Viewing page 95 of 170

Poh Yuen Tsai,
5 Newchang Road, Shanghai, China.

^[[May 22, 1919]]

Charles L. Freer.,
33 Ferry Street East
Detroit, Michigan, U.S.A.

I beg to acknowledge the receipt of your cablegram of the 8th inst and your letter of the 22nd April from New York for which kindly accept my sincere thanks.  In compliance with your instructions, I have pakced the antiques under seven boxes, containing in all 150 pieces.  There seems to be such demand for tonnage, I was compelled to change my shipping plans for no less than three times.  At first I have arranged to ship the goods by the s.s. "Empress of Asia", then the s.s. Methven", for twice difficulties had prevented me from getting the articles away as arranged.  At last I have succeeded in securing space with s.s."Columbia" one of the Pacific Mail Steamships which is scheduled to sail on the 25 inst,. hoping the shipment will reach you in due course of time.

I would like to invite your attention to the fact the jade knife an article used to belong to the late Viceroy Tuan Fang, remained cracked from the time when it was first excavated.  I am afraid this may not have been clearly stated in the descriptions.  The collections that are going to be shipped to you, represent some of the rare specimens of Chinese antiques and I trust they will please you.  I would like to solicit your kind help in disposing of the same.  If you have occasion to require my service again in the way of securing Chinese old paintings or other antiques, kindly advise ^[[me]] a little long beforehand, so that I may have more time to scrutinize things and secure what are worth while.  There seems to be quite scanty supply of good articles nowadays that would measure to the required standard.

Due to the internal disturbed conditions in China and th [[strikethrough]] wld [[/strikethrough]] world wide war, our business has been very slow and would request you will kindly introduce us to some of your friends when chances should offer [[strikethrough]] which [[/strikethrough]] which will undoubtedly r elieve our business stagnancy and for which we will be very grateful.  When you have disposed of the articles will you kindly keep with you the proceeds therefrom as the rate of exchange is very unfavourable at present and when it should turn better, we will wire to request you to remit the same to China.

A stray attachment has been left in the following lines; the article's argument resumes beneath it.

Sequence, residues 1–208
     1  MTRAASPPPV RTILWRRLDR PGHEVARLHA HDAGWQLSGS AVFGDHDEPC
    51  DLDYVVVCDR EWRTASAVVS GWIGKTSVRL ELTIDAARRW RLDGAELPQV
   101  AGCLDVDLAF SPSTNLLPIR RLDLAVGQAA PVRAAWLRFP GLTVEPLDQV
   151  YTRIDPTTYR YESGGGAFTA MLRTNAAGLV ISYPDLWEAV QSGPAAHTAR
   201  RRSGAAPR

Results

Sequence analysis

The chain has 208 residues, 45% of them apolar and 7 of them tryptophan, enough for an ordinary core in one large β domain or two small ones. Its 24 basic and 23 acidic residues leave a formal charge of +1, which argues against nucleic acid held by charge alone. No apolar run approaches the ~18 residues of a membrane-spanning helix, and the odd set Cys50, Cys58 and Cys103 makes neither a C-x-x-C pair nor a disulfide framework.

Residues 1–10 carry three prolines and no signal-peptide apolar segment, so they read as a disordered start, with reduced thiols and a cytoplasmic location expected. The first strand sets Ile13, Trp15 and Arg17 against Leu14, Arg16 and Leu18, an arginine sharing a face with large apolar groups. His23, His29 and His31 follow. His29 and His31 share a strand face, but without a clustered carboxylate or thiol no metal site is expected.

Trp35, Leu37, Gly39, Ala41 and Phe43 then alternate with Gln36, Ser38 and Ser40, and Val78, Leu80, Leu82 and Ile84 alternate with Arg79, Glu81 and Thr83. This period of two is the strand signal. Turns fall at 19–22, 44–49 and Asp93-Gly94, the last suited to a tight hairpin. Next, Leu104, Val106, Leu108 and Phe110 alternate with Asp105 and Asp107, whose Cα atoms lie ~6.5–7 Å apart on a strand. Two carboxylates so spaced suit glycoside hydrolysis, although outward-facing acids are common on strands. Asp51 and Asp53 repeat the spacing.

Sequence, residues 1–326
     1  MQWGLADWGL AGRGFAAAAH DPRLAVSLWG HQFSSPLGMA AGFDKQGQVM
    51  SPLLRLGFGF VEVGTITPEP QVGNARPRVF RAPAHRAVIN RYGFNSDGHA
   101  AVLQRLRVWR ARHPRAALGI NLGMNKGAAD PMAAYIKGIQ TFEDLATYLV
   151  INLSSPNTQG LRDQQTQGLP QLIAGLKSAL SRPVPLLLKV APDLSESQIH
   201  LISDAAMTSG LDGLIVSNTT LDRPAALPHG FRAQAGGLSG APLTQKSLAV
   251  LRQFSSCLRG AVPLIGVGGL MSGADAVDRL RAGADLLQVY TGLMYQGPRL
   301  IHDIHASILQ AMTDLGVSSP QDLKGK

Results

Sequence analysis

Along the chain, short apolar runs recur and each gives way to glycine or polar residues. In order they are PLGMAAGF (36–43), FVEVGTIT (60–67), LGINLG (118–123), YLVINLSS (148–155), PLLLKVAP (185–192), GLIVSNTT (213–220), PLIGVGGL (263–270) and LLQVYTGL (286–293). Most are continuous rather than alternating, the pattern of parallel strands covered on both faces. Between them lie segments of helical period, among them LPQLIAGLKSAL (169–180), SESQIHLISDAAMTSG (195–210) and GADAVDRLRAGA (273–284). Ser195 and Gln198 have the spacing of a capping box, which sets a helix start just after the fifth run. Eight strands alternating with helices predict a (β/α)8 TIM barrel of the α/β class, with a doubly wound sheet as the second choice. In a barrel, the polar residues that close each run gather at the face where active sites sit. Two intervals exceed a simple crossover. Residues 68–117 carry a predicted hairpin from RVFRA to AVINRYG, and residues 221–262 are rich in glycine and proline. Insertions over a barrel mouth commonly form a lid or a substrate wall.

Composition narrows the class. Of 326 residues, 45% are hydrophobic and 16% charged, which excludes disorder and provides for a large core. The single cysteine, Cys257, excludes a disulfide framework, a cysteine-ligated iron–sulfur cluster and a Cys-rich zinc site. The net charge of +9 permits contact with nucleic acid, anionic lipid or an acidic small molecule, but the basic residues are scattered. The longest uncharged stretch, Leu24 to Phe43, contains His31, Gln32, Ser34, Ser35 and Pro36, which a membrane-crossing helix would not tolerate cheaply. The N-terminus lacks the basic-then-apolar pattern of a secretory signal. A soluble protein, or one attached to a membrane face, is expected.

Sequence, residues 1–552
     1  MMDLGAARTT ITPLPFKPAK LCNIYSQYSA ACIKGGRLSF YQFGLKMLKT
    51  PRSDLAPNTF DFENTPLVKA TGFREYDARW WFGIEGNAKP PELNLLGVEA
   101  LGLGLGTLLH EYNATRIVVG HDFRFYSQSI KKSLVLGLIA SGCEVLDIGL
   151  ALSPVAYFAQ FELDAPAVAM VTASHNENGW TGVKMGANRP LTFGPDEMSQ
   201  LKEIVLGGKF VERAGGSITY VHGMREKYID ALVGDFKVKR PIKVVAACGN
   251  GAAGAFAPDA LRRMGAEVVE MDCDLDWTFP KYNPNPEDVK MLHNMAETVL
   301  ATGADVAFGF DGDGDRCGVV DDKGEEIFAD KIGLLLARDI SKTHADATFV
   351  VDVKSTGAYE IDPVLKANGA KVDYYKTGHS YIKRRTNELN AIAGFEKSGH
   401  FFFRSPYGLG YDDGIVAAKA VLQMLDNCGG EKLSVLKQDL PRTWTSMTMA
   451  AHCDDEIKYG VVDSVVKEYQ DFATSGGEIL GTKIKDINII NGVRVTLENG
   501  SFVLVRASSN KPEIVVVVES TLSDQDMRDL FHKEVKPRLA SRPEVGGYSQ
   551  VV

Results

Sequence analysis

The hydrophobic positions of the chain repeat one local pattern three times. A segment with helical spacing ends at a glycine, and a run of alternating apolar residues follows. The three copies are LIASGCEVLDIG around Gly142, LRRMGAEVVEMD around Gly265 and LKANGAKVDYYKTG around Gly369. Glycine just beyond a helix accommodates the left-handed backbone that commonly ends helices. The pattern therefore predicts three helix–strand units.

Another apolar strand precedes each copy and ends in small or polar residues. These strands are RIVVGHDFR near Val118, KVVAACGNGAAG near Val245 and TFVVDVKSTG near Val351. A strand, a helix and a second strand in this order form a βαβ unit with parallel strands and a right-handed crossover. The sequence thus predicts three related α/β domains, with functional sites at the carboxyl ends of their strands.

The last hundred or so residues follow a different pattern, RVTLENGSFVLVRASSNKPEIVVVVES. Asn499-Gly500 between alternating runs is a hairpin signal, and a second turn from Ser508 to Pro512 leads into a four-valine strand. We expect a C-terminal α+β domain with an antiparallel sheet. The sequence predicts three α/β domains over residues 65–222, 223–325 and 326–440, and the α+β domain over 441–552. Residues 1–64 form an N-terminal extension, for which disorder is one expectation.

Finally accept our sincere thanks for your efforts and interest in our behalf.  We trust you have now fully recovered from the recent trouble.  We are greatly interested in the museum you are going to found and will appreciate it very much if you will be kind enough to let us have a picture of the museum buildings when you have everything arranged, which we will keep as a souvenir.

With our kindest regards and best wishes,

Yours very faithfully,

[[signature]] Seaouke Yue [[/signature]]

Transcription Notes:

Please note that the language and terminology used in this collection reflects the context and culture of the time of its creation, and may include culturally sensitive information. As an historical document, its contents may be at odds with contemporary views and terminology. The information within this collection does not reflect the views of the Smithsonian Institution, but is available in its original form to facilitate research. For questions or comments regarding sensitive content, access, and use related to this collection, please contact